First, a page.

You appreciate life more when you reflect on mortality because you know how fragile it is. You know the value of what you have and that it can be taken away. You know your own worth.
Appreciating life doesn’t mean you have to be grateful for each aspect of it. It just means you know what’s worth holding onto. According to Audrey Hepburn, “The best thing to hold onto in life is each other.”
Write a gratitude list once a day. Add things like, “I’m grateful I’m alive.” Or “I’m grateful for coffee in the morning while dealing with a child’s temper tantrums.” It can be as simple or as complex as you’d like. Put yourself on the list. Be thankful for you too and how far you’ve come! There’s no better time to love yourself than right now exactly as you are. It shouldn’t take thinking about mortality to be reminded of this. Happiness is the goal, not perfection. Happiness is loving what you have and still striving for more. There’s a security that comes from satisfaction. So start with appreciation, and you’ll have it all.
7) Be Mindful
What if you just stopped? Stopped to take it all in. Stopped to feel. Stopped to hold space for one another.
What if this moment provides you with exactly what you need? The fleetingness of it calls for total mindfulness and a new declaration of self. You aren’t your past, your problems, your worries or fears. You can let all of those go.
Focus on this moment only.
There are 4 truths here:
- This moment is all there is.
- This moment will never come again.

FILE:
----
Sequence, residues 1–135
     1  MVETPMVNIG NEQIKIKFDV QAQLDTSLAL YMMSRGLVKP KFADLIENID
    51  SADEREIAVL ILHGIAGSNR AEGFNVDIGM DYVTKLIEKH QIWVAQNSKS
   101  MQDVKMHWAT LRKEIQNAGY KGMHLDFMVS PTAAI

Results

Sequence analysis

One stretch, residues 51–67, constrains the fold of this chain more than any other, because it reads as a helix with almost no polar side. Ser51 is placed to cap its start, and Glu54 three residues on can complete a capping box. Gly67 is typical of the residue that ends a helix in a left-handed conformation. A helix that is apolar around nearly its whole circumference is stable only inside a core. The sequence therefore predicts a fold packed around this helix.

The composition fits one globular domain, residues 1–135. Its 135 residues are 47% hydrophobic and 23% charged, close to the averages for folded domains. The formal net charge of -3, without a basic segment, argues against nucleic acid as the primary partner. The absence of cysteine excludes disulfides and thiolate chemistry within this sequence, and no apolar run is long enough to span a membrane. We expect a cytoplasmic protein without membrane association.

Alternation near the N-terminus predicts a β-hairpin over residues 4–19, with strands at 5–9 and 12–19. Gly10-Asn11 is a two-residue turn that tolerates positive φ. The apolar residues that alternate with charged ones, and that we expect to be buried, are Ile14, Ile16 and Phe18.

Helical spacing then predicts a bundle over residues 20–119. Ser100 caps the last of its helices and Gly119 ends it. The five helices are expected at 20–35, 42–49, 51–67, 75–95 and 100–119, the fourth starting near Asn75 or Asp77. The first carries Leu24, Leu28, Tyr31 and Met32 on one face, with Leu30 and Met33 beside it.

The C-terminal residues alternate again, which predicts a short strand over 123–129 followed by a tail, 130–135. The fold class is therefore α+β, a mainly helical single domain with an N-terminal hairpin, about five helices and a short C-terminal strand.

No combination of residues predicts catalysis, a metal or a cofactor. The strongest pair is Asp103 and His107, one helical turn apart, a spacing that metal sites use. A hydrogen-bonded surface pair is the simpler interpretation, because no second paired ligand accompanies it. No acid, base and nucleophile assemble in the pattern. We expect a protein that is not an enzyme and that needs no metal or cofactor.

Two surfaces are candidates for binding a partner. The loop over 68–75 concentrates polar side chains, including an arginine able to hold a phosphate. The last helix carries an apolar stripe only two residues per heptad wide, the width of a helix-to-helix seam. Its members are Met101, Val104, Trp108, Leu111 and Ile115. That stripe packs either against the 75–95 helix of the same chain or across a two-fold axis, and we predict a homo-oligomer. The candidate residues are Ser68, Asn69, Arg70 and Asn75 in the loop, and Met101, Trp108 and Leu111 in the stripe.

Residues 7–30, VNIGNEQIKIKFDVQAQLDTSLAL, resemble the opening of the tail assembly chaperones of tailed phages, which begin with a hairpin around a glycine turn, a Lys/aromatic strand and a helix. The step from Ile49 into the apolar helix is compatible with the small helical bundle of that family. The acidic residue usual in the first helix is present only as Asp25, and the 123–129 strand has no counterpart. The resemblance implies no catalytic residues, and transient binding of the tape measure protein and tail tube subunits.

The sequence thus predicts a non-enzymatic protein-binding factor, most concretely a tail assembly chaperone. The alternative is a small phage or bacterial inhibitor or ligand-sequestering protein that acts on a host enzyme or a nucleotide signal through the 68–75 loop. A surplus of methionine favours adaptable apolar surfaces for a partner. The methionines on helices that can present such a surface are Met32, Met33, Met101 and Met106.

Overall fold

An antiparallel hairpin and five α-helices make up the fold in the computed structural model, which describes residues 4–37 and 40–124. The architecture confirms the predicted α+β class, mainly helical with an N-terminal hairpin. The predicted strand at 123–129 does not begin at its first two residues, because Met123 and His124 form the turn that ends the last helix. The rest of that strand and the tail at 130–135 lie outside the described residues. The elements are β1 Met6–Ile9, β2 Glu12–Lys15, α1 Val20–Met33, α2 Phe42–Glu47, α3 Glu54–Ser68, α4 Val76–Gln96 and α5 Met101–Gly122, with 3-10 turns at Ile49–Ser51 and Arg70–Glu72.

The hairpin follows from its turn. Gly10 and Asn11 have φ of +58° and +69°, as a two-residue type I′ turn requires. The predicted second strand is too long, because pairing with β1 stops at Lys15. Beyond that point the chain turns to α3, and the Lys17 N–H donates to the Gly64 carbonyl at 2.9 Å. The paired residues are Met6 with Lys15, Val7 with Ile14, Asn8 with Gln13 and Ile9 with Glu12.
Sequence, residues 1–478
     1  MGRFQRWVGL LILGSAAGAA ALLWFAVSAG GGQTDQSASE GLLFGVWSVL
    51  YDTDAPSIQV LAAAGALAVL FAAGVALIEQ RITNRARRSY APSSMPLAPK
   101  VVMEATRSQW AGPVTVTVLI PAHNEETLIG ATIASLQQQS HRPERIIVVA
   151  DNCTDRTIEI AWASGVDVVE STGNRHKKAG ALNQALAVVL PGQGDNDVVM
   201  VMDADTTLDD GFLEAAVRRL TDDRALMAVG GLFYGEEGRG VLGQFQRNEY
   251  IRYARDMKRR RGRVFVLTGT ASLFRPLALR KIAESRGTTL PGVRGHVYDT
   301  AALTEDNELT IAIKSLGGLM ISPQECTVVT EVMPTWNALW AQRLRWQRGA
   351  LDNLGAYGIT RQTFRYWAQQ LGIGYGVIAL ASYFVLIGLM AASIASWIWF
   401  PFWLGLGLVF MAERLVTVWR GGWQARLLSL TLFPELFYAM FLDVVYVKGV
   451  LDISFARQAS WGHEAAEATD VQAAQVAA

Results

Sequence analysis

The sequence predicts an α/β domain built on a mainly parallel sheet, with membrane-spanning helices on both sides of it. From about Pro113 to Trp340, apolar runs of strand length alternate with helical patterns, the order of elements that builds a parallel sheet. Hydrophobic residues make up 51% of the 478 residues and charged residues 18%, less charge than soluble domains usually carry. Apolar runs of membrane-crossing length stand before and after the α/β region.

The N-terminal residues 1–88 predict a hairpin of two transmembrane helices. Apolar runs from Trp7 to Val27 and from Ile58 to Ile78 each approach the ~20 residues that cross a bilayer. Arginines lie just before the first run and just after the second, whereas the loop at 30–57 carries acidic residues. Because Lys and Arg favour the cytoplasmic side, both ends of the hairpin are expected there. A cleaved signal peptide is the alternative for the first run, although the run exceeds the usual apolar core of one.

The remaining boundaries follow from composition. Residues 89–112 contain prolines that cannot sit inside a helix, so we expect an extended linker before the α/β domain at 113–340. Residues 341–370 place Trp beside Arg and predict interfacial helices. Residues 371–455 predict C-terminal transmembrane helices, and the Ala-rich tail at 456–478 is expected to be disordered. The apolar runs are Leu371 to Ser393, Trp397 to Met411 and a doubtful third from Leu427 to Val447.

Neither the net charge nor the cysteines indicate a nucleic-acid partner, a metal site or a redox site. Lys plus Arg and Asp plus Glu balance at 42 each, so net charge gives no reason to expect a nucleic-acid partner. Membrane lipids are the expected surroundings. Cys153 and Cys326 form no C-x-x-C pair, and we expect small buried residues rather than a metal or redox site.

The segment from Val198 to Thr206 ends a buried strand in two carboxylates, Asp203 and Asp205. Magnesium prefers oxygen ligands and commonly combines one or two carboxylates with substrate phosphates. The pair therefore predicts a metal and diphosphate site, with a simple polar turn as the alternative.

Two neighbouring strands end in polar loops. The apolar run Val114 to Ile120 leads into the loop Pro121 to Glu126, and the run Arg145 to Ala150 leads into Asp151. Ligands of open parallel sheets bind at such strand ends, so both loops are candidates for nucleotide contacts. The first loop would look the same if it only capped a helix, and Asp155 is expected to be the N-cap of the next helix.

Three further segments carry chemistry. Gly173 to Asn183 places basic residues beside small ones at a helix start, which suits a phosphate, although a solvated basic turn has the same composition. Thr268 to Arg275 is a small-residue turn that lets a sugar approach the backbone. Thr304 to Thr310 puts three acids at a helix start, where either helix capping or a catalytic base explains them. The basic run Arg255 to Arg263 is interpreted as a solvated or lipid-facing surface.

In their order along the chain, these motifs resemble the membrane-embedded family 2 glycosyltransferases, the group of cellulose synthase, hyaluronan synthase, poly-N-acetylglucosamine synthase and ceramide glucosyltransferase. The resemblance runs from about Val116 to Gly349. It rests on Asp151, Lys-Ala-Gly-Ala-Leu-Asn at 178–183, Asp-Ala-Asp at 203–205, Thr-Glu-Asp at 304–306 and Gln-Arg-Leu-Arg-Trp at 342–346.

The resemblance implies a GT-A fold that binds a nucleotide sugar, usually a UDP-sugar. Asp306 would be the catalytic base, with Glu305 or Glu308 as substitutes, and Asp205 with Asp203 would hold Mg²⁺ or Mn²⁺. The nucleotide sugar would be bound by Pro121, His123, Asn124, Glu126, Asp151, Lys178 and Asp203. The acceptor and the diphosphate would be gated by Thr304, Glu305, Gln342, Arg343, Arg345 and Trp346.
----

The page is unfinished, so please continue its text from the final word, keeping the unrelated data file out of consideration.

- You must face this moment.
- You must let this moment eventually go, so your holding on too tightly can be released.
When we are faced with uncertainty, it’s human nature to shrink back with fear. You ask, “Am I enough? Am I doing enough? What will happen to me? How will I get from Point A to Point B? Who will remember me?”
For this moment, put those questions and worries in an imaginary container for a containment exercise in mindfulness. For example, you can imagine a balloon with your stress inside it that you can let go. Resolve to come back to your worries at a later time or not at all. Release or remove the container. Imagine the balloon with your problems inside it floating far away until you can see it no more. It’s taking all your negative thoughts and feelings with it. Let go of the constant questioning. We don’t have to have the answers.
We don’t know what will happen next or what will lead to our eventual demise. We don’t know the gift of life until we truly start thinking about death. We must have reverence for the great mystery and let it play out as it will.